EU red tape set to raise your mortgage costs

Mortgage lenders reckon new proposals from Europe will force up mortgage costs.

Mortgage interest rates have hit record lows of late, and conceivably could go even lower, with bank base rate not expected to move for months to come.

And yet lenders are warning that rates will have to rise, due to interference by our European cousins.

A cross-border mortgage market

For years now, the authorities across Europe have talked of a uniform mortgage market, with shared regulation and rules across the various nations. It’s never been a popular idea with British lenders, who have long been concerned that this is really all about increased integration, with cross-border lending and borrowing.

Proposals on how to promote responsible lending and borrowing were drawn up earlier this year, with two European Parliament committees tasked with reviewing them and publishing their recommendations.

The first committee has now published its report, and it’s got British lenders in an awful flap.

A new direction

According to the Council of Mortgage Lenders (CML) this report is on the radical side, with a number of proposals that appear to protect borrowers, but will instead damage them. Here are some of the main proposals:

  • the introduction of a 'cooling-off' period for borrowers of at least 14 working days after a mortgage offer has been made;
  • compensation for consumers if credit is rejected because a reference agency supplies an inaccurate report;
  • the right for borrowers to make overpayments without penalty, and for them to be able to draw down in the future any overpayments they have made;
  • a ban on arrears charges if payment problems arise that are beyond the control of the borrower.

That all seems fairly reasonable, right? So why are the lenders so upset, and so convinced borrowers will lose out as a result?

What the lenders say

The CML reckons that having to observe a cooling-off period would increase both costs and uncertainty for lenders, as they would have to sit on their hands, waiting for the borrower to give the final confirmation.

This would also be the result of the proposed changes to arrears handling, lenders say. In addition, higher-risk borrowers could find it more difficult to access mortgage finance, because they will be even less attractive to mortgage lenders if there is a chance they can get out of paying arrears charges.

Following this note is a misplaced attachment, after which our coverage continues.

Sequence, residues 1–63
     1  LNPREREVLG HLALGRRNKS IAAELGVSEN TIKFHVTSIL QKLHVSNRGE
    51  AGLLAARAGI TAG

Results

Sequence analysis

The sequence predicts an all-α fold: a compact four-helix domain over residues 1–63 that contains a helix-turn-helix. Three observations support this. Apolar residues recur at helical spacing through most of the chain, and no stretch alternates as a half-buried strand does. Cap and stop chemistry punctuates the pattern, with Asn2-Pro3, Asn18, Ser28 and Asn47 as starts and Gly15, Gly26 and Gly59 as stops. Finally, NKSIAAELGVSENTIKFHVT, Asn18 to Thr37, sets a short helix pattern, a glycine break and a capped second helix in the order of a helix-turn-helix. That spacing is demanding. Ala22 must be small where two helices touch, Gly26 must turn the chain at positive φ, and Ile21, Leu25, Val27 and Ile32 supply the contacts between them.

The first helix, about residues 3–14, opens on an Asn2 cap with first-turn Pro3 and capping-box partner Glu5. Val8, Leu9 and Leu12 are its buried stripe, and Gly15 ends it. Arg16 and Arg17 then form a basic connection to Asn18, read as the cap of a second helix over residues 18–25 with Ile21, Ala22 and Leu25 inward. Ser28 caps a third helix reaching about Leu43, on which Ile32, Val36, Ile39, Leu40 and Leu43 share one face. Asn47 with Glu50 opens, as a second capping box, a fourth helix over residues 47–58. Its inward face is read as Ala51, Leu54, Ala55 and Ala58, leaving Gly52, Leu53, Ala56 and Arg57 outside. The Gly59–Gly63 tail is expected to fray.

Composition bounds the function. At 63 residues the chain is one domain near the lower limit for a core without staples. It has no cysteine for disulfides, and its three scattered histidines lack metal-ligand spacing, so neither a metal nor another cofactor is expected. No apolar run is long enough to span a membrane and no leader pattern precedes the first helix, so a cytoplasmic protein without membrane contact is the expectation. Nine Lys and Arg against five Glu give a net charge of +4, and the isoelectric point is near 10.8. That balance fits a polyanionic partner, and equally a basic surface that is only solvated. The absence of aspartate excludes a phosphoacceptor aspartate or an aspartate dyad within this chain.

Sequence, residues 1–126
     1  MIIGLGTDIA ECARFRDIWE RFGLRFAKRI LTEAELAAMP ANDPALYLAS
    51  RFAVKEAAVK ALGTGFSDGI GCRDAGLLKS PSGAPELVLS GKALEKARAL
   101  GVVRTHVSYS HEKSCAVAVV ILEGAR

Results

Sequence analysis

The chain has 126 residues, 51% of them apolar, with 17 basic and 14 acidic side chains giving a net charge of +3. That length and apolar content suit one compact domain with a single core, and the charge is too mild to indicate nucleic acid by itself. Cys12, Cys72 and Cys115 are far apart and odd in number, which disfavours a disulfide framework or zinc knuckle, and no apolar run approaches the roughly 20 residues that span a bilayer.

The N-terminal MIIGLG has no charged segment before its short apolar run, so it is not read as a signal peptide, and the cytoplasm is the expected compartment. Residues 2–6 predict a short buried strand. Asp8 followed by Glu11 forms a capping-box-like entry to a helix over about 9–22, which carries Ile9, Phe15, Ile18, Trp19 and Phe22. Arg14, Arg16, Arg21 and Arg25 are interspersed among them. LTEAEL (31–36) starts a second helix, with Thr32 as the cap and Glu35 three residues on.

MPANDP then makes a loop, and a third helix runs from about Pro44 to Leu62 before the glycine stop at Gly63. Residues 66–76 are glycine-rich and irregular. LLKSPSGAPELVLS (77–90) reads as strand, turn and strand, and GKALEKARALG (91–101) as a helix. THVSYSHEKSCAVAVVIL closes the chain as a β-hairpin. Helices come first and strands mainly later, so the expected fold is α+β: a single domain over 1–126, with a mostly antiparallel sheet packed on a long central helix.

While many mortgages already offer some form of over or underpayment as standard, it’s certainly not a feature of all mortgages. By introducing it across the board, lenders argue there will be additional costs, and added uncertainty with loans being paid off early.

Overall, the lenders believe that these measures will actually exclude many borrowers from the market altogether, while all customers will face higher costs to cover provisions that will only be used by a very small percentage of borrowers.

My view

I don’t really see the problem with a cooling-off period – buying a property is a huge commitment, so making the right decision on your mortgage is crucial. Having some time to think properly about whether it really is the right deal for you is no bad thing, particularly given how quickly many borrowers have to move in order to secure a mortgage rate.

The arrears charges issue is difficult to call on, as the EU report is vague on what a payment problem that is "beyond the control of the borrower" actually means in practice.

As for the under/overpayments issue, I have a little sympathy for the lenders here, though never having to worry about early repayment charges would make deciding on that mortgage a little easier. There would inevitably be a price to pay for this added flexibility though, in the form of higher interest rates.

European meddling

It’s easy to view the lender reaction to the report as a touch melodramatic. But , despite my reservations, I do feel they have a point.

I’m no Europhobe, but I don’t really see how realistic or desirable the idea of an integrated European mortgage market is. The fact is that the way we view property, and the way we buy it, varies sharply across the continent, and trying to force a ‘one size fits all’ approach is a recipe for disaster.

Besides, it’s difficult enough at the moment to get a mortgage in the UK, with approval levels falling yet again in July. The housing market has already ground to a standstill, so anything which makes mortgages more expensive, and harder to get hold of, is not particularly welcome.

What do you think? Do these changes sound sensible to you? And would it be worth paying more for your mortgage for them? Let us know using the comments box below!

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